Home TI-Nspire Authoring TI-Nspire Scripting HQ Scripting Tutorial - Lesson 6

### Scripting Tutorial - Lesson 6: Quick Start

Texas Instruments TI-Nspire Scripting Support Page

Before we launch into Lua graphics, it is worthwhile taking a moment to see how Lua can readily interface with TI-Nspire's own graphics. In this Quick Start activity, you will create a script that controls the movement of a linked coordinate point around the cartesian plane using just the arrow keys of your device or your computer keyboard.

#### Lesson 6.1: Setting up the Graph Window

 Because this is a Quick Start, we will use the wonderful TIDE.tns document to quickly and easily create and test our script right within TI-Nspire. In the lesson documents downloadable from the link above, you will find a blank read-only TIDE document, as well as the completed version. Remember: create your script in the first page of the TIDE document and it will be automatically run on page 1.2. Begin by splitting page 1.2 horizontally and inserting a Graph window on the bottom. Turn on the Grid and place a point on a grid point. Right-click on this point and choose to show Coordinates & Equations. Right click on the x-coordinate and Store it as, say, px. Store the y-coordinate as py. You are ready to go!

#### Lesson 6.2: Using the Arrow Keys

 I don't know about you, but I still find it a nuisance to have to go into a Graph page and grab a point to drag it around. I have used all sorts of alternatives, particularly setting up a controlling slider and then tabbing onto the slider, pressing enter, and then using my arrow keys to control the slider. The method described here makes this even easier - the arrow keys will automatically control the movement of your point around the window. Go back to a blank TIDE document and type the following script: function on.arrowUp() local y = (var.recall("py") or 0) var.store("py", y+1) end

Study this script. The Lua page looks for (recalls) the variable py in TI-Nspire's symbol table and stores it locally as y. If it doesn't find it, then the value of 0 is substituted for y.

Then Lua writes the current value plus 1 back to py, moving the coordinate point up one unit.

It is usually a good idea (especially when working on the handheld) to refresh the screen when you make changes. This is done by adding the following line:

function on.arrowUp()

local y = (var.recall("py") or 0)

var.store("py", y+1)

screen:invalidate()

end

Copy and paste this script three more times, and adjust for arrowDown (y - 1), arrowLeft (x - 1) and arrowRight (x + 1). NOTE the case sensitive commands!

For an even simpler option, you could pull these together into a single function:

function on.arrowKey(key)

if key == "down" then

local y = (var.recall("py") or 0)

var.store("py", y-1)

elseif key == "up" then

local y = (var.recall("py") or 0)

var.store("py", y+1)

elseif key == "left" then

local x = (var.recall("px") or 0)

var.store("px", x-1)

else

local x = (var.recall("px") or 0)

var.store("px", x+1)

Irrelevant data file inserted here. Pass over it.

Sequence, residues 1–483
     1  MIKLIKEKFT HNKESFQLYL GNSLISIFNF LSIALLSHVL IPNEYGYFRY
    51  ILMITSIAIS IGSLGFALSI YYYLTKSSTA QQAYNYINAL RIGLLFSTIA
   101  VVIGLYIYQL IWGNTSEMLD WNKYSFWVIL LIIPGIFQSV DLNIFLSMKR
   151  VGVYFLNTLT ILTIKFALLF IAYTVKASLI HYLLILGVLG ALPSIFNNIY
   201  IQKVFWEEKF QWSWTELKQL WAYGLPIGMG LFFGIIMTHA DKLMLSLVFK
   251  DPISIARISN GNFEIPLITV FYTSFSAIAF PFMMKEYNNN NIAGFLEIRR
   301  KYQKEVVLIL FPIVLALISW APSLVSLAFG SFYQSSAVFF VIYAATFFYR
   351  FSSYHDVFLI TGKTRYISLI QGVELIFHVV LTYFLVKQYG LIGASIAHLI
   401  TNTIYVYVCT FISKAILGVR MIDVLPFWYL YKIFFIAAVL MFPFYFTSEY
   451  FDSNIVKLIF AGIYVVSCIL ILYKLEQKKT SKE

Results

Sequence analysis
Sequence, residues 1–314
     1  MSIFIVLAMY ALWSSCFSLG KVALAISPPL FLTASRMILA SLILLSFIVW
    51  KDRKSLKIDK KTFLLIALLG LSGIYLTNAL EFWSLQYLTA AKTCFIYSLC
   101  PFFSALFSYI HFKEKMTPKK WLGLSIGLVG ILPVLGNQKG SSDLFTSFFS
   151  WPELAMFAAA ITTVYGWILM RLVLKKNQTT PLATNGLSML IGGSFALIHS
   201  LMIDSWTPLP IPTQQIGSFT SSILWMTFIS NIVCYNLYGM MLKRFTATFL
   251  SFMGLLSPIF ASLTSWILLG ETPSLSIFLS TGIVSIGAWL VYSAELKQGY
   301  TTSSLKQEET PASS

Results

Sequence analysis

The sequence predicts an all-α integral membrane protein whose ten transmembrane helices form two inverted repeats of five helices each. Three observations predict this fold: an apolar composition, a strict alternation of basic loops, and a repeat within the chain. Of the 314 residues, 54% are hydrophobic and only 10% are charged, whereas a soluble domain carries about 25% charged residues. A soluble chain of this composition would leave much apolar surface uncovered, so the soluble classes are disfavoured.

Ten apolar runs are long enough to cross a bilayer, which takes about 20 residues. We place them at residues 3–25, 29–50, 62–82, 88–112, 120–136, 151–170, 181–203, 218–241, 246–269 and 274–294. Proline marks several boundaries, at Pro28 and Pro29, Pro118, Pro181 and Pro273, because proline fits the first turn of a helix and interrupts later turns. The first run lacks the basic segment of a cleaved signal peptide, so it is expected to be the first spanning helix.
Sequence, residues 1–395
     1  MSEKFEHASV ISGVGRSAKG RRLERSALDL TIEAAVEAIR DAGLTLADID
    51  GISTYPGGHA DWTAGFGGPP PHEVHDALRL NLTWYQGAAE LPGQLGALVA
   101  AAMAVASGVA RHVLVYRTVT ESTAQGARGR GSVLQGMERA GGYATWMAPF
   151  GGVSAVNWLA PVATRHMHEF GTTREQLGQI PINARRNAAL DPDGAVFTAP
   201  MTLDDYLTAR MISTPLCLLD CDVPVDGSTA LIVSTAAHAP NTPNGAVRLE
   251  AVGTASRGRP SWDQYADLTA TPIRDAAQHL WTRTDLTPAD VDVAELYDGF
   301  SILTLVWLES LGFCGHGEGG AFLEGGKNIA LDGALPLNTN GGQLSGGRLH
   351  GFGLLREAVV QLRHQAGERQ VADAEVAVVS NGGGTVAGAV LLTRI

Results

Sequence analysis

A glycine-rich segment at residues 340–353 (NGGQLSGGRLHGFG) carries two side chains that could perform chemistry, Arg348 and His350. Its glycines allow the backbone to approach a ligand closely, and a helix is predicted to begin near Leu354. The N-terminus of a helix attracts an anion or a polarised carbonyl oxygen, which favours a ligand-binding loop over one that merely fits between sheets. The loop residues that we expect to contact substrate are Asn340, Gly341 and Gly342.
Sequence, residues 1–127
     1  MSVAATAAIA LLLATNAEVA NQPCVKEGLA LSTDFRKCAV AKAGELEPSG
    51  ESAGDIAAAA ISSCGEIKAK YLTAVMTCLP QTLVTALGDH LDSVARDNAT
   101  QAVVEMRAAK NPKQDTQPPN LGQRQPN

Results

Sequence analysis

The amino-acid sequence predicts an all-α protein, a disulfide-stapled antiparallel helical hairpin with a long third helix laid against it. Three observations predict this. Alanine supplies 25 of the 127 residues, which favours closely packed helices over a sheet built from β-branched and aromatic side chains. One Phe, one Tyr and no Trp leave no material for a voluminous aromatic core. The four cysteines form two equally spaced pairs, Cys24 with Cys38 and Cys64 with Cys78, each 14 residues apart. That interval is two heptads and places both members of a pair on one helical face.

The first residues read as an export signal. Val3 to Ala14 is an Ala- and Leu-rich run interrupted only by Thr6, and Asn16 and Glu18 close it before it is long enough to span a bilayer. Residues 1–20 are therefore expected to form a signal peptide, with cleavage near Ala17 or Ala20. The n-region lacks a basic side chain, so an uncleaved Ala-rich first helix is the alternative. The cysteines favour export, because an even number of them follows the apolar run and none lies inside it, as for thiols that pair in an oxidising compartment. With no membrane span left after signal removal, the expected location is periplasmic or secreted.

end

screen:invalidate()

end

And, finally, what if you are working on a platform that has no arrow keys, such as the Player?

There will be much more on this when we introduce classes, but as a quick alternative, you could easily create "hot zones" on your page which respond to a command such as on.mouseUp() (or on.mouseDown()).

function on.mouseUp(x, y)

if y < 0.2*h then

on.arrowKey("up")

elseif y > 0.8*h then

on.arrowKey("down")

elseif x < 0.2*w then

on.arrowKey("left")

elseif x > 0.8*w then

on.arrowKey("right")

end

screen:invalidate()

end

#### Lesson 6.3: Fine Tuning

It is worth mentioning at this point that once you begin to develop scripts that involve really any sort of changes to the window, then the screen refresh rate of the handheld may need some help. Scripts that run perfectly well on a computer may fail to refresh appropriately on the handheld, since it has a much simpler operating system with fewer signals and triggers happening in the background. Generally, you will need to include a platform.window:invalidate() command for any function that causes a visible change. For many documents you develop, it may not be a bad idea to begin by defining the following two functions:

function on.construction()

timer.start(1/5)

end

function on.timer()

screen:invalidate()

end

Can you see what these might do? The first begins a timer as soon as the page is created, and sets it to tick over 5 times a second. The second refreshes the window in the usual way each time the timer ticks over! All this happens in the background but as you could imagine, neatly and quietly refreshes the screen as often as you desire. Of course, for really intensive scripts, this may cause a performance hit, so use with care.

That is all there is to it! I would suggest three additional ideas:

• Store the x-tick and y-tick values on the axes, and use these instead of 1 for the units of movement.

• You can easily set the enterKey to do something useful as well - in the examples included, I use on.enterKey() to send the point back to the origin.

• Use Page Layout > Custom Split to drag the top window up as far as it will go. Because it is in the first position, on entering the page, focus will still be on this window and your arrow keys will work automatically. Of course, you can still click in the Graph window and grab and drag the point around if desired.

• Alternatively, leave the Lua window visible as the top half of the page, and use what we have learned previously to place informative text in it. This might be the coordinate values, or the current quadrant, or some other relevant property.

These ideas have been implemented in the example included in the downloadable support files for this lesson.

The next lesson will look at how Lua handles images.

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